THE “JOHANNINE TURN” WAS CARRIED OUT BY OTHERS
Pope John XXIII through the Testimony of Silvio Cardinal Oddi
By Beniamino Di Martino (Translated by N. Michael Brennen)
Fr. Beniamino Di Martino, a Catholic priest from Naples, Italy,
teaches “History of the Churches” at the Higher Institute of Religious
Sciences in Benevento and “Social Doctrine of the Church” at the Higher
Institute of Religious Sciences in Castellammare. He is a visiting
professor at the Claretianum Institute of the Pontifical Lateran
Brennen is a freelance translator who lived in Italy for two years. He
is nearing completion of a master’s degree in the philosophy of
economics, with concentration on the ethical dimensions of economics. He
translates in philosophy, ethics, economics, political theory, and
related areas. His website is nmichaelbrennen.com.
Popes John Paul II and John XXIII were canonized on April 27, 2014, the
Feast of Divine Mercy (a feast created by Pope Wojtyla during the
Jubilee Year 2000). On that same feast day, on May 1, 2011, John Paul II
had been beatified, six years after his death. The beatification of
John XXIII had already happened a few years previously, on September 3,
2000, when John Paul II simultaneously elevated him and Pius XI to the
“honor of the altars.”
Pope Francis’s decision to preside over a single ceremony for John Paul
II and John XXIII came as no surprise. He had expressed this preference
while talking to journalists during the return flight from the 2013
World Youth Day in Rio de Janeiro. A Mexican journalist asked the Pope
what model of holiness emerges from these two great figures. After
illustrating some of the characteristics of the spirituality of the two
popes, Francis concluded, “I believe holding the canonization ceremony
of both popes together is a message for the Church.”
What might this message be? Italian journalist Antonio Socci interpreted
the simultaneous canonization as “a decision that gives a sign of unity
and that finally takes the Church beyond old controversies concerning
the [Second Vatican] Council that characterized the second half of the
twentieth century.” In other words, the simultaneous proclamation of the
two saints would emphasize magisterial continuity and help set aside
interpretations that in the past few decades have contrasted not only a
post-conciliar Church to a pre-conciliar Church but also John XXIII to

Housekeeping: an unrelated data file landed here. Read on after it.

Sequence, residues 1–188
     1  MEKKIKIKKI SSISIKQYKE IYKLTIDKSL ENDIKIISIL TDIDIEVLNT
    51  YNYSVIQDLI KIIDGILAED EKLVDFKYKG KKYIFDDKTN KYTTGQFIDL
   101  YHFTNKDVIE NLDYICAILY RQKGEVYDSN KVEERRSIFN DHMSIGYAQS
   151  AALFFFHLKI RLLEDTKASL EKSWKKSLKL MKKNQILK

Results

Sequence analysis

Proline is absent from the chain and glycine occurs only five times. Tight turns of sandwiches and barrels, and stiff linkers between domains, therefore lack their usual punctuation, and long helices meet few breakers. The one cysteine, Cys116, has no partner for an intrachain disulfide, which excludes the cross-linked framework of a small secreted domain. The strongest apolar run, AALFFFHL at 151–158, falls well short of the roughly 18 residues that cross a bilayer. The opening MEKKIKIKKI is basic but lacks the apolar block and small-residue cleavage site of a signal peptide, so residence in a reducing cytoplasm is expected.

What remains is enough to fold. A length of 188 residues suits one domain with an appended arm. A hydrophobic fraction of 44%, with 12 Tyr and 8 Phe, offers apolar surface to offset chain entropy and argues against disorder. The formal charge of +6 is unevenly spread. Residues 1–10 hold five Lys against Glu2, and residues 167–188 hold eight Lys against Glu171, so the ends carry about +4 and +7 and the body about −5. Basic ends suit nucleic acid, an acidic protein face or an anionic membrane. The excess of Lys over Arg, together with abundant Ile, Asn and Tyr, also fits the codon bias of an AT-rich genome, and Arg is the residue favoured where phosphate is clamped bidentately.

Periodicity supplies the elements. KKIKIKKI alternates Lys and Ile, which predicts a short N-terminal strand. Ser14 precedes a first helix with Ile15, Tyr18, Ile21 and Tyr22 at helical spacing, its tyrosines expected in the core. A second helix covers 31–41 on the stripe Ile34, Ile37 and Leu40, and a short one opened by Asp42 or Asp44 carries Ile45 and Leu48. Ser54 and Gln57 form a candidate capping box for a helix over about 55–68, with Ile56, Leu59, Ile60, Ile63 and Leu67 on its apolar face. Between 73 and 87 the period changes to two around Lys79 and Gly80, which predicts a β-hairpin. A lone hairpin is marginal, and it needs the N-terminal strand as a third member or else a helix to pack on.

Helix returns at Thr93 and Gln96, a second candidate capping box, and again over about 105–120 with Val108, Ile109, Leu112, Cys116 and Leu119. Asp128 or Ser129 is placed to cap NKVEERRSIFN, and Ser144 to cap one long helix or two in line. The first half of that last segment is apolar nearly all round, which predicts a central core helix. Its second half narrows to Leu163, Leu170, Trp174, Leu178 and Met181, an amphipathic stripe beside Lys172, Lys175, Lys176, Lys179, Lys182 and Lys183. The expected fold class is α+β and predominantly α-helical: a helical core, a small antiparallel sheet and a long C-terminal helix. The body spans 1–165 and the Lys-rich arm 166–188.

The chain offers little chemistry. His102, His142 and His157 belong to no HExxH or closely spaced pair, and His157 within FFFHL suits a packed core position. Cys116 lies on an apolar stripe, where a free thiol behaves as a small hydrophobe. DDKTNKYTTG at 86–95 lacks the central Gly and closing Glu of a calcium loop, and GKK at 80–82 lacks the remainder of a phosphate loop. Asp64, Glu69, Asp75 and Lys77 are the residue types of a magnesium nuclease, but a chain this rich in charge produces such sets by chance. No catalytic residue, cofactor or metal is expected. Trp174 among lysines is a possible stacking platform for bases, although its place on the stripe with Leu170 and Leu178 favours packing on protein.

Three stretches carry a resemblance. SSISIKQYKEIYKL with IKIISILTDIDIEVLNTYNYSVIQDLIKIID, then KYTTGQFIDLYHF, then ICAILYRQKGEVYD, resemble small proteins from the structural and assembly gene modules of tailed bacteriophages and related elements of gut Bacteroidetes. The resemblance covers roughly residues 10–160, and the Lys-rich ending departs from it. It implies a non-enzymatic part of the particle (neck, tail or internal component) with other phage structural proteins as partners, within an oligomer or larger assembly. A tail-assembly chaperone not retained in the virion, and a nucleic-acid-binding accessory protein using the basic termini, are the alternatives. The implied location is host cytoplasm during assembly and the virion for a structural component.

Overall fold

the popes who preceded him, and that have pitted “Wojtyla the Restorer”
against “the Good Pope John.”
The commitment of some scholars to reconstruct the figure of John XXIII
in order to purify his image and avoid any sort of “mythologizing” that
could be used to consolidate biased interpretations and ideological
ploys is certainly not without historical significance; several recent
studies have contributed to this end. Though in a more modest and less
articulated form, a further contribution can come from a witness to the
times of John XXIII and the Council in the person of Silvio Cardinal
Oddi. In light of the canonization of Pope Roncalli, the contrarian
opinions expressed by Cardinal Oddi about the personality and tendencies
of John XXIII are again of current interest. The event prompted me to
dust off the notes of an interview that Cardinal Oddi granted me — in
the form of a long conversation — in the now distant time of November
Silvio Angelo Pio Oddi was born in 1910 in a small village in the
Italian province of Piacenza. The twelfth of fourteen children, he was
born into a large and pious family. Oddi was accepted into seminary at
an early age, and was ordained a priest at the age of 21. After
completing a degree in canon law in Rome, he entered the diplomatic
service and was soon sent to the Middle East (Iran, Lebanon, and
Istanbul), Paris, and Belgrade. As a young diplomatic attaché in the
Paris nunciature, he was held in high esteem by Msgr. Roncalli, who
treated him as a close collaborator. Elevated to the episcopacy in 1953,
Oddi was appointed apostolic delegate to Jerusalem, then nuncio in
Egypt, Belgium, and Luxembourg. He also carried out delicate assignments
in a few communist countries. He was appointed a cardinal in 1969 by
Pope Paul VI; from 1979 to 1985 he was prefect of the Congregation for
the Clergy. Cardinal Oddi was one of the personalities who stood out in
the ecclesiastical panorama of the 1980s. He strenuously defended his
views and was frequently accused of being outright belligerent. A target
of those who saw themselves as progressivists, and of some of the
Catholic press as well, he enjoyed the trust of Pope Wojtyla.
In that 1991 interview with Cardinal Oddi, I heard firsthand from a
principal actor a highly qualified evaluation of the life of the
universal Church in those years, and I got an overview of a few
hot-button issues in Catholicism in the preceding decades. I now want to
extract a few parts that offer a priceless witness to Angelo Roncalli.
In fact, Cardinal Oddi can be considered among those who knew John XXIII
best, and among those with whom the Pope maintained a close and
Your Eminence, one of the relationships that has most influenced your life was the one with Angelo Giuseppe Roncalli.